turbinate reduction surgeryWhat are Nasal Turbinates and how are they Important?

Nasal turbinates are wing-like structures that lie inside your nasal cavity.  There are 3 pairs of turbinates commonly known as the inferior turbinates, the middle turbinates and the superior turbinates.  It is from under the middle turbinate that you sinuses drain and when these are swollen, you will experience nasal congestion.  These turbinates, along with the septum and sinuses are extremely important to breathing process.

Turbinates have vascular tissue between bony inside and the mucous membrane on the outside.  This vascular tissue can become swollen and inflamed.  This can be caused by allergies, infection or irritation.  Sometimes these swollen turbinates are mistaken for nasal polyps.   For most people, the swelling and shrinking of the turbinates (which happens hourly) will not cause any symptoms. When the turbinates get swollen due to irritation or allergies, they become engorged and produce an excessive amount of mucous which in turn leads to congestion.

 How can Nasal Turbinate Reduction Surgery Help Me?

Turbinate surgery is used to treat allergies and nasal congestion when all other options have failed. The simplest way to shrink nasal turbinates is with a procedure known as intramural cautery.  This procedure can be done in the doctor’s office and it does not involve cutting or removing of the mucous membranes.  In this procedure, a probe or needle is inserted into the nostril which vaporises or cauterizes the blood vessels.  Scar tissue that is a result of the procedure shrinks, and in doing this, tightens the soft tissue of the turbinate.  This procedure is also referred to as Somnoplasy or Coblation.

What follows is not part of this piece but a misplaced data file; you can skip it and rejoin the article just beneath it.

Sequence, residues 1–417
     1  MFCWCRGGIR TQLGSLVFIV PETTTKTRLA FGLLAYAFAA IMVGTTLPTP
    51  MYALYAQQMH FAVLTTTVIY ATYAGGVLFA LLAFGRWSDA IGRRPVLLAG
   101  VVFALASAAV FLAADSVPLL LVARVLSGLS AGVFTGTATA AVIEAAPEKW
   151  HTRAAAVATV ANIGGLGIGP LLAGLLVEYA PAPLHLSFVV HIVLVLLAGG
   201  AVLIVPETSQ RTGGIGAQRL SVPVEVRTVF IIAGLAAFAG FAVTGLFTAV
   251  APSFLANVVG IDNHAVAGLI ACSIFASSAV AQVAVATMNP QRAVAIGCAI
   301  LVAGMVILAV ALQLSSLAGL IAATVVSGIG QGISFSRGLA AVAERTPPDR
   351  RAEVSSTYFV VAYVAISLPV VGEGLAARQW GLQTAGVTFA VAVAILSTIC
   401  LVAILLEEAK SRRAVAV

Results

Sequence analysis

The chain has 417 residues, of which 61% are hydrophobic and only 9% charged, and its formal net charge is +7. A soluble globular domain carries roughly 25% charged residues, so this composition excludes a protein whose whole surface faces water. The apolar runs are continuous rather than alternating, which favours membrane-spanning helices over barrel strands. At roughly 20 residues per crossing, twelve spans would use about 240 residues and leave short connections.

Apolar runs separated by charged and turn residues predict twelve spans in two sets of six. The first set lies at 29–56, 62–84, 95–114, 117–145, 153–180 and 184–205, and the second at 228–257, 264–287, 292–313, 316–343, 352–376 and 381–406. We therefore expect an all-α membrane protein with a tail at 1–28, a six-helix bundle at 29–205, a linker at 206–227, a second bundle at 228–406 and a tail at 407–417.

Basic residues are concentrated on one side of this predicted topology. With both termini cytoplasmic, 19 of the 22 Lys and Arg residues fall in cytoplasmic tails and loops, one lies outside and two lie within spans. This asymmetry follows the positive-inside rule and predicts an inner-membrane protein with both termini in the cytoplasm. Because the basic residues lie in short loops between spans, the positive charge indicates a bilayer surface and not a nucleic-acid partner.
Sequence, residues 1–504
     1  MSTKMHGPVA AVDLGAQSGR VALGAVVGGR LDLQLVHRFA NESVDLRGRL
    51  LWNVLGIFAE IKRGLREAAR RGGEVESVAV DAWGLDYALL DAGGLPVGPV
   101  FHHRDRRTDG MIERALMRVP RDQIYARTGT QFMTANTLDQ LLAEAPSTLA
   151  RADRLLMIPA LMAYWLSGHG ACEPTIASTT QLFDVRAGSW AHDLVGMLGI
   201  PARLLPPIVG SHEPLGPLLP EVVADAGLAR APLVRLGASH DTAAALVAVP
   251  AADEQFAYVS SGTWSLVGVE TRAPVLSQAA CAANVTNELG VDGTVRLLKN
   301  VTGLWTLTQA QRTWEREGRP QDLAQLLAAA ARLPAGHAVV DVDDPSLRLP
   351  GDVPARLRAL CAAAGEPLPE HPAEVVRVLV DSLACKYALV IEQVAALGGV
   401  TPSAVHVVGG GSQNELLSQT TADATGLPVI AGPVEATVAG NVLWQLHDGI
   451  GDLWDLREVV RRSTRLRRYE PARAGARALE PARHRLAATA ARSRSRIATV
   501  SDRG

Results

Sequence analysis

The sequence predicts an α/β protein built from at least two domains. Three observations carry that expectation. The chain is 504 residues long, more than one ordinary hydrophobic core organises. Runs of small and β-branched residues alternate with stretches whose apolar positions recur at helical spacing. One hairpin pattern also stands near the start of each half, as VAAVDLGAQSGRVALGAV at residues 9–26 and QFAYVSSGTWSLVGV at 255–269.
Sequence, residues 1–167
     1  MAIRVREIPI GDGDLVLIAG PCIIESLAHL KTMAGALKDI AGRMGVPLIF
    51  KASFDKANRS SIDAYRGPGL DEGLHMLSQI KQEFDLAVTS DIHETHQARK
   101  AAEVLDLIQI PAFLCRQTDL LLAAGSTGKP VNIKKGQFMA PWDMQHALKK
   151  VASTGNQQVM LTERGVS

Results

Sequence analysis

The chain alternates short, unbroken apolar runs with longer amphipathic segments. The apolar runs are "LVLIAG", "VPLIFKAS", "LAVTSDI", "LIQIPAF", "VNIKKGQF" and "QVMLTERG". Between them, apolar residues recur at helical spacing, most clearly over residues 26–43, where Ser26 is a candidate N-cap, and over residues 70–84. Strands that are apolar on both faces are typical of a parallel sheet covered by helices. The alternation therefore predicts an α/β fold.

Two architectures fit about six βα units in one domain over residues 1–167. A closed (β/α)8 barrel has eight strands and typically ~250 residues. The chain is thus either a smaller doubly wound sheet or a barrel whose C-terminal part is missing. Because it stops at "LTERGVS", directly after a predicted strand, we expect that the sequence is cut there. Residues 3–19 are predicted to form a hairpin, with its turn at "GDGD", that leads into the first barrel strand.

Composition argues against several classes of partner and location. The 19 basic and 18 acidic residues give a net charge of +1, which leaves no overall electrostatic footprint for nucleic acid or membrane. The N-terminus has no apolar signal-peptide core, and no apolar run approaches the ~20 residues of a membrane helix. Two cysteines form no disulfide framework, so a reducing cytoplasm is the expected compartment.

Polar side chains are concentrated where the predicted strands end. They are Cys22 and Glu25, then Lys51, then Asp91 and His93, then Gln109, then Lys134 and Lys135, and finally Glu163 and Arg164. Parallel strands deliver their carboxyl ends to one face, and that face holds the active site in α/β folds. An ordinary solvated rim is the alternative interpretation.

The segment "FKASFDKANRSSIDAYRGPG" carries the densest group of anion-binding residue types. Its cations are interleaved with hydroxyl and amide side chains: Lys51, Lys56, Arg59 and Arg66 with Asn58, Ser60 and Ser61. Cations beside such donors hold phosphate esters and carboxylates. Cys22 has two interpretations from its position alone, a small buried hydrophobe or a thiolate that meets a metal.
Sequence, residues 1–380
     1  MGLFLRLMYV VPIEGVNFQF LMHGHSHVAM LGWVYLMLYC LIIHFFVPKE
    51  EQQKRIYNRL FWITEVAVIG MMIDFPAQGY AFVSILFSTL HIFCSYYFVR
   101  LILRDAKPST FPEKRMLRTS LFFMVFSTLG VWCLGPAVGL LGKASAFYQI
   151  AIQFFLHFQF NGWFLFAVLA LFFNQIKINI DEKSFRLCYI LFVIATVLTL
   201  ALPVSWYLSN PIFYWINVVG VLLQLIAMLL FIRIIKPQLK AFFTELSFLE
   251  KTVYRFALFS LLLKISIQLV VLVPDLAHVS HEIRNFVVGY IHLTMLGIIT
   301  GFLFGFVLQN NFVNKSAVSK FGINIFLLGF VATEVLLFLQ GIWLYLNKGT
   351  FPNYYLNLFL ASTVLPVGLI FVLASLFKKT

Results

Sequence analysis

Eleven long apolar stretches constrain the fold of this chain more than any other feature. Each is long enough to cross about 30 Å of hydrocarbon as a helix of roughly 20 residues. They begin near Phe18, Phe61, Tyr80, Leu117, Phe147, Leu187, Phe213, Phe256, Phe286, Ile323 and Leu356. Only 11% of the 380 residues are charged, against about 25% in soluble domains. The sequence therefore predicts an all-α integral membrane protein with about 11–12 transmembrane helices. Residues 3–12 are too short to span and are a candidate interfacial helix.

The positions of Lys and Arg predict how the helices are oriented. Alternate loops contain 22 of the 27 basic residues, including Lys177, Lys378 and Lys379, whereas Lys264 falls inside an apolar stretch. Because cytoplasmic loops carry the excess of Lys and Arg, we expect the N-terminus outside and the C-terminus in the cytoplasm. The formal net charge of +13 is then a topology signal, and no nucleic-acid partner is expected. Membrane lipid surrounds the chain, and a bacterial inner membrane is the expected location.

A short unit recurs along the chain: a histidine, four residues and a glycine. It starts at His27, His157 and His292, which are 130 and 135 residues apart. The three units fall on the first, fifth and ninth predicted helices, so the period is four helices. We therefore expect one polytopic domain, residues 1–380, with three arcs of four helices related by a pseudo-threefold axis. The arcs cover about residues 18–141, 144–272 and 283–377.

Another method of treating engorged turbinates is with a submucous resection.  A small incision is made in the turbinate exposing the bone.  A section of the bone is then removed and the mucous membranes along with nasal packing are pressed down onto the exposed bone.  Sometimes a suction micro-de-brider is used which replaces the need for an incision.  A long narrow rod with a rotation blade on the tip is applied into the nasal cavity.  Here is oscillates and removes bone or soft tissue which is suctioned up into the open end of the rod.

Using the Septoplasty Procedure in conjunction with Turbinate Reduction

A more aggressive treatment commonly referred to as Septoplasty is performed using general or local anaesthesia.  In this procedure, portions of the turbinate are modified, shrunk, de-bulked or excised.  The easiest way to do this is by cutting off the lower part of the swollen turbinate with scissors or through electro cautery. 

Turbinate Surgery Recovery

Turbinate surgery is not painful and most patients do not have to take pain medication following the procedure.  If more than one procedure is performed, there is more risk that it will be a little painful and pain medication is given.  An improvement in breathing is not seen immediately since there is swelling, mucous and blood in the nose.  Patients need to go back for a follow-up with the surgeon and it is then that any blood or mucous will be removed.  Turbinate surgery is an effective procedure on its own or in conjunction with other nasal procedures.  Risks include excessive bleeding, infection and anaesthesia.  Although rare, they should always be taken into consideration.